Secondly. "Passages are to be found, where there is a marked difference between the word and the Spirit. Peter speaks of the ministers of the word as preaching the gospel with the Holy Ghost sent down from heaven. 1 Pet. i. 12. Here we notice, the gospel was one thing, and the influence of the Holy Ghost which accompanied it, was another. Of the first sermon preached to a gentile audience, we have this record in the tenth chapter of Acts: “While Peter yet spake these words, the Holy Ghost fell on all them that heard the word.” The next chapter gives an account of a great moral revolution at Antioch; and it is at. tributed to these two causes ; 1st. The preaching of the Lord Jesus by the ministers of his word. 2dly. The hand of the Lord that was with them. Who can read the history of the day of Pentecost, given in the second chapter of this book, and not distinguish between the word and
the Spirit ? Then was strikingly verified that declaration of Wisdom, “ Behold I will pour out my Spirit unto you, I will make known my words unto you.” Prov. i. 23. Christ, the personal Wisdom of God, by pouring out his Spirit makes known his words unto us.
Thirdly. The distinction which I am contending for, and which I deem to be of vital importance to the religion of the gospel, is support. ed by the representations the scriptures make of the different ways by which the word and the Spirit are sent to us. The word is represent. ed as sent by human instrumentality, but the Spirit as coming immedi. ately from God; the word goes out of Zion, but the Spirit comes from heaven: “ The Lord shall send the rod of thy strength out of Zion.” “ For out of Zion shall go forth the law, and the word of the Lord from Jerusalem.” Ps. cx, 2. Isa. ii. 3. But the Spirit is not represented to be sent from Jerusalem ; but to be sent down from heaven. It is spoken of as “poured upon us from on high." 1 Pet. i. 12. Isa. xxxii. 15. Joel ii, 28.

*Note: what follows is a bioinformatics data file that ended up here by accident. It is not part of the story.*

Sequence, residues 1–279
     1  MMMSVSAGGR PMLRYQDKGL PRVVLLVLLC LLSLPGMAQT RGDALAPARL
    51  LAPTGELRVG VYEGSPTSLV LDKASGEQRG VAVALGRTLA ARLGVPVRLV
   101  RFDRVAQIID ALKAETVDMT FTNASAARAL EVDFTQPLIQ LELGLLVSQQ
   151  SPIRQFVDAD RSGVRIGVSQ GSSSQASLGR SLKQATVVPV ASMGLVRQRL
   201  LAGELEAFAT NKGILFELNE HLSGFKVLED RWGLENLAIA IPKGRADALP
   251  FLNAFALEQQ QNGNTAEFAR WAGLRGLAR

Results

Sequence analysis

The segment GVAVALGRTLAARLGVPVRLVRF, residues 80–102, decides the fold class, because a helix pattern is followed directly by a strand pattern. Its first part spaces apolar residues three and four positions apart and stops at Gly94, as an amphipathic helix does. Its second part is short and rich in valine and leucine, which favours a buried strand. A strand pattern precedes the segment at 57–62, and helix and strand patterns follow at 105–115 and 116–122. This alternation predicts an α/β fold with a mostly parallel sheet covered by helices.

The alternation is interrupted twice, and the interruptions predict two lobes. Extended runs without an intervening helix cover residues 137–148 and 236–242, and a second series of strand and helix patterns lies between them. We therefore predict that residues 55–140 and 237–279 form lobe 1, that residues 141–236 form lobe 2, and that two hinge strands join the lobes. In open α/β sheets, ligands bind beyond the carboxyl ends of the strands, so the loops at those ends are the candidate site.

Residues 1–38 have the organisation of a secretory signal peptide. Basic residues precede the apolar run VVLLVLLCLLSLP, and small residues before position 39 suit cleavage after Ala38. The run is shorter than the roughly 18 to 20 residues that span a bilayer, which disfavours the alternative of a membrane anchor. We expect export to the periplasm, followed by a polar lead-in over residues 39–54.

Fourthly. The word of God, though it is called “the rod of his strength,” is represented as being sometimes powerless, and as always needing the Spirit's influence to give it effect on the heart, either of sinner or saint. The apostle, with adoring gratitude to God, reminds the church at Thessalonica, that the gospel which had been preached in their city, did not come to them in word only, but also in power, and in the Holy Ghost. 1 Thess. i. 245. Did he not hereby establish a manifest distinction between the word and the Holy Ghost ? This clearly implied, that the word might have come to them without the Holy Ghost; and that in such case it would also have been without power.
This Article harmonizes with the two which immediately precede it. Drop this from our series, and the gospel scheme would be utterly deficient. In the first of these two Articles we see salvation freely offered to all ; and in the other we are taught, that it is the fixed char. acter of every sinner in the world to reject that offer. Yet we learn from the Bible and from what has transpired, that this offer has been accepted by many of our fallen race. The light which the present Article sheds on our system, reveals the cause of this fact. Here we learn how it came to pass that the son, who at first refused to go and work in his father's vineyard, afterwards repented and went. The new creation of the mind, enables us to account for wonderful phenomena in the moral world. It enables us to see why Saul, the persecutor, should preach the faith he once destroyed; why three thousand on the day of Pentecost believed in that Savior, whom but a few days before they had put to death; and why all the saved should embrace those kind offers, which they once obstinately refused. When God takes away their heart of stone, and gives them a heart of flesh, neither the holiness of the salvation, nor the humiliating terms on which it is of. fered, form any objection to their cordial acceptance of it. The gospel needs to undergo no change, ir, order to please that heart which is itself changed into the image of God.